Kitsap residents will vote by mail to select state representatives

Voters should expect to receive their ballots over the next several days

PORT ORCHARD — With the Washington state primary election looming Aug. 4, Kitsap County Auditor Paul Andrews acknowledged that voters in this state and county can feel fortunate they won’t be facing the prospects of lining up, presumably adorned with face masks, outside designated voting places waiting to cast their votes in person.

“We are in an enviable position in Washington in that even in the midst of a public health crisis, our elections can go on mostly as they have for years,” Andrews wrote in a message printed in Kitsap County’s primary local voters’ pamphlet, which was mailed to registered voters last week.

“Any changes in the elections process will be something that has no impact on the vast majority of voters. We are reviewing the process our elections workers will employ, but most voters will still receive a ballot in the mail, vote at home and deposit the ballot in one of our 22 drop boxes or send it by mail.”

COVID-19 notwithstanding, there will be plenty of candidates on the ballot to choose from. In the Washington state governor’s race, 36 candidates — including incumbent Gov. Jay Inslee — have filed and will appear on the ballot. In Kitsap County, a bevy of candidates have thrown their hats into the proverbial political ring.

23rd Legislative District

Incumbent Christine Rolfes, a Democrat, is running for another four-year term in the state Senate. She chairs the Senate Ways and Means Committee. The veteran is being challenged by Republican candidate Pam Madden-Boyer, a precinct committee officer who has retired from Central Kitsap School District. She also is a small business owner.

Rolfes said the immediate focus of elected representatives will be to address the regional and local economy that has been impacted by the coronavirus pandemic. “Our state entered this crisis in a strong position, ranked high nationally for our fiscal health and diverse economy. The next legislative session will be the most challenging in decades, and I commit to protecting our shared priorities as we rebuild our economy.”

Madden-Boyer agreed that the COVID-19 crisis is the state’s top priority, but said legislators are faced with a difficult job due to their “monumental” increases in government spending, plus money directed to the coronavirus response.

“Government must be reigned in,” she said in the voters’ guide. “We’ve seen Olympia ignore the will of the people in such matters as the sex-ed bill, new taxes and unwanted fees. I’m running to rectify this disparagement.”

The 23rd Legislative District races to fill the two House seats will be absent a familiar face: Rep. Sherry Appleton. The 16-year veteran of the state Legislature announced in October that she would be retiring at the end of her current two-year term.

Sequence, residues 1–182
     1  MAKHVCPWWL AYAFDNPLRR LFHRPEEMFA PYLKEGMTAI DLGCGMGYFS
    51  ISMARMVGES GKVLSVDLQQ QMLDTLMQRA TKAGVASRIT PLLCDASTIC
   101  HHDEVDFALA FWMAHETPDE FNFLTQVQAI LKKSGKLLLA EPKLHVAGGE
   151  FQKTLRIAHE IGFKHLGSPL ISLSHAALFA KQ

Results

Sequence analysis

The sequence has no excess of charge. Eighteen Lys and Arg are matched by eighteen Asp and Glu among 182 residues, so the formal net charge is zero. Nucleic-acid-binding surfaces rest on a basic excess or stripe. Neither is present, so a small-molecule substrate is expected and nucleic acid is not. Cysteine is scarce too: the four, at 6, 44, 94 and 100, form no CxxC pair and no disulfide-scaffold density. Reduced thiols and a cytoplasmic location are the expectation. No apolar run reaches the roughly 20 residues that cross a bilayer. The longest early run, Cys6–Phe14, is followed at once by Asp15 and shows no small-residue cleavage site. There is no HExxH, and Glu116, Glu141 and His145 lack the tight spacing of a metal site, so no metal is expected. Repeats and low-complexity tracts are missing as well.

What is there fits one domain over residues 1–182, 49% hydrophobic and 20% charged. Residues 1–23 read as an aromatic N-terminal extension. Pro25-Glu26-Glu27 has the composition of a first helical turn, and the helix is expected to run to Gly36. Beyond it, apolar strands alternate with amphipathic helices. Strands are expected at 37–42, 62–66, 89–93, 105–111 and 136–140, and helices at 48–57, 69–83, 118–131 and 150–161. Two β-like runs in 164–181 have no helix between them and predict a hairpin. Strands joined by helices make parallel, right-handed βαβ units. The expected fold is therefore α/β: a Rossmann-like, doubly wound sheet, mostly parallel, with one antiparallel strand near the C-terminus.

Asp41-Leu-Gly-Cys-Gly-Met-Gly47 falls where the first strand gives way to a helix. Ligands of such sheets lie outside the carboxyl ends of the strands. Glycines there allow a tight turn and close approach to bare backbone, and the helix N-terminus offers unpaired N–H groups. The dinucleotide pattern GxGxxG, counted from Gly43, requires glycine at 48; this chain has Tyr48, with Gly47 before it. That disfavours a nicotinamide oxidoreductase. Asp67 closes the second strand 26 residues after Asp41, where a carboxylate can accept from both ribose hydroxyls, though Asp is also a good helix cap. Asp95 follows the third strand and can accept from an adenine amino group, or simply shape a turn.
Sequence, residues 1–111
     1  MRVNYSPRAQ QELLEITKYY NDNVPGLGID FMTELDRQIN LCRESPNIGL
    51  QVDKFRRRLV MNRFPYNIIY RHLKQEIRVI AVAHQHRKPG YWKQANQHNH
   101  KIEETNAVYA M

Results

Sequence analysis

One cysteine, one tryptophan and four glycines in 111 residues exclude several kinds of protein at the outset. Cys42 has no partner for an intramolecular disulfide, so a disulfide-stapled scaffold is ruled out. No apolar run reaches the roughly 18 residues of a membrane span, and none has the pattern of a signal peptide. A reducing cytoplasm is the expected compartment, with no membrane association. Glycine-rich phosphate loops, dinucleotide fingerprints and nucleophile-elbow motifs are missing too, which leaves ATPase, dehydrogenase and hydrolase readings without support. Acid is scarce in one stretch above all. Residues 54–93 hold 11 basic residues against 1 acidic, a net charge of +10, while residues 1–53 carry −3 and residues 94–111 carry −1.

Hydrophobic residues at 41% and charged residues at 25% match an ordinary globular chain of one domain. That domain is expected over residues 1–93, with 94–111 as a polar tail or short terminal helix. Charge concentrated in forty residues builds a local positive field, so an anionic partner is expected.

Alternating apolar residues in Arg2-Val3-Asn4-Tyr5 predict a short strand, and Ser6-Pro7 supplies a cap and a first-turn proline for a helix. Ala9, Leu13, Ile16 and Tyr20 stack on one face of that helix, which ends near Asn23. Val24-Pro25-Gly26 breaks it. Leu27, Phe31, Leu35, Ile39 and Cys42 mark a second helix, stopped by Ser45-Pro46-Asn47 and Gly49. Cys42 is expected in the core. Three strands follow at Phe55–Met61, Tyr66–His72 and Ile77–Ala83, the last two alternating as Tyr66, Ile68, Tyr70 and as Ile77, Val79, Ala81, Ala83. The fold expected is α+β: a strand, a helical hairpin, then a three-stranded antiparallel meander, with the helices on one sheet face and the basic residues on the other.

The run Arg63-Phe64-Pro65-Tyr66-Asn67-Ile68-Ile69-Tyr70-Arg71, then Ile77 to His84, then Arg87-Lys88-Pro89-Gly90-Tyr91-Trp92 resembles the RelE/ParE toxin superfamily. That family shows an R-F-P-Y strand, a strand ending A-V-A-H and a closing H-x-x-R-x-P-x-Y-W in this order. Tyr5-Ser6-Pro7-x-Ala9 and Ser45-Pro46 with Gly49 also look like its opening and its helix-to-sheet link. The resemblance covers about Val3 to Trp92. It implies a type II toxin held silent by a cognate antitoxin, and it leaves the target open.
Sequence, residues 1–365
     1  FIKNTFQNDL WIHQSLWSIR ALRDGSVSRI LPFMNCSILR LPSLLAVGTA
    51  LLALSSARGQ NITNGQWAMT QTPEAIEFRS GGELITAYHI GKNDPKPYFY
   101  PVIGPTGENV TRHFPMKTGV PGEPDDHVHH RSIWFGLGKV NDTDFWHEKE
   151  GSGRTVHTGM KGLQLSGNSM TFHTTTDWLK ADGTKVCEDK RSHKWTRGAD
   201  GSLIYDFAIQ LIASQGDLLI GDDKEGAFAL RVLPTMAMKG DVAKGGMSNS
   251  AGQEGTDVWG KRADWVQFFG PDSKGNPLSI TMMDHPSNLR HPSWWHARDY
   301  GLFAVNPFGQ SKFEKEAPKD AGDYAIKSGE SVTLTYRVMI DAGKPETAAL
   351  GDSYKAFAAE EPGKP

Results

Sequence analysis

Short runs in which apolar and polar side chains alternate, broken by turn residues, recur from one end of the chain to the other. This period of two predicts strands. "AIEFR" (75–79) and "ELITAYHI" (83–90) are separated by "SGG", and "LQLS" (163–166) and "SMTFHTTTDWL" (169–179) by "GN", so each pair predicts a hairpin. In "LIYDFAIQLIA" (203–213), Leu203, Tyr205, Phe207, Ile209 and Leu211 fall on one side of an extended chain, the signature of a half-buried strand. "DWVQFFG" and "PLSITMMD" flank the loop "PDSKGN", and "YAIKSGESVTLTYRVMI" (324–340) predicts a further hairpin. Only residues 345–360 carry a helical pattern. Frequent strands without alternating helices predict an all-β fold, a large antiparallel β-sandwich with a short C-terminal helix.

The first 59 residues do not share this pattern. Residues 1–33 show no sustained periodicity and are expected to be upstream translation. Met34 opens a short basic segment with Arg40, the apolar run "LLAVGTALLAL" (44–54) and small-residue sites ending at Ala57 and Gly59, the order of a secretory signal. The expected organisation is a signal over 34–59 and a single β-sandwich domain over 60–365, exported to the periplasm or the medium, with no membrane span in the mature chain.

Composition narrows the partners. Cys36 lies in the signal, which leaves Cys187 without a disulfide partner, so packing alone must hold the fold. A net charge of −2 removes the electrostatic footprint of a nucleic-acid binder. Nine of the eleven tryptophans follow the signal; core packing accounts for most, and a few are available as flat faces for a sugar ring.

“Being allowed to work for the people of Kitsap and the entire state for so long has been the greatest honor and privilege of my life,” the Poulsbo Democrat said at the time of her announcement.

Appleton said her greatest accomplishments included helping to draft and pass the Patients’ Bill of Rights and restoring funding for family planning clinics. She was named during her tenure as Legislator of the Year by the Department of Veterans Affairs and Humane Legislator of the Year by the Washington State Humane Society. She has chaired two House committees: Community Development, Housing & Tribal Affairs, and Local Government.

Leslie J. Daugs, a Democrat who is currently serving her fourth term on the Bremerton City Council, is a veteran of county government and community boards. She is running to replace Appleton in the state House.

She said in her statement that challenging times call for proven leadership. “Like many, I know firsthand how critical our state’s social safety net is. These resources are being stressed like never before. As we focus on keeping our families healthy and communities safe, we are seeing the devastating economic impacts of this pandemic.”

Daugs said her experience as a city council member will be valuable should she be elected to the legislative post. “I am ready to serve. This includes jobs, getting first responders’ resources, championing schools, protecting the environment, ensuring affordable housing, and high ethical standards.”

Lou Krukar, who is a commercial contractor and president of the Miller Bay homeowners association, is running as a Democrat. He is an active participant in community events in Kingston and is the informal “mayor” of the city.

Krukar said he is approachable in the community and is an avid listener to the concerns of citizens. “How quickly has the landscape changed. How urgent of a need to be present in the moment. It is not business as usual. We demand leadership to bring us from the darkness back into the sunlight.”

Tarra Simmons, a Bremerton civil rights attorney and justice reform advocate, is a Democrat also seeking to replace the retiring Appleton. Simmons earlier was appointed by Inslee to be a member and co-chair of the Washington Statewide Reentry Council. She also is a precinct committee officer for the 23rd District Democrats.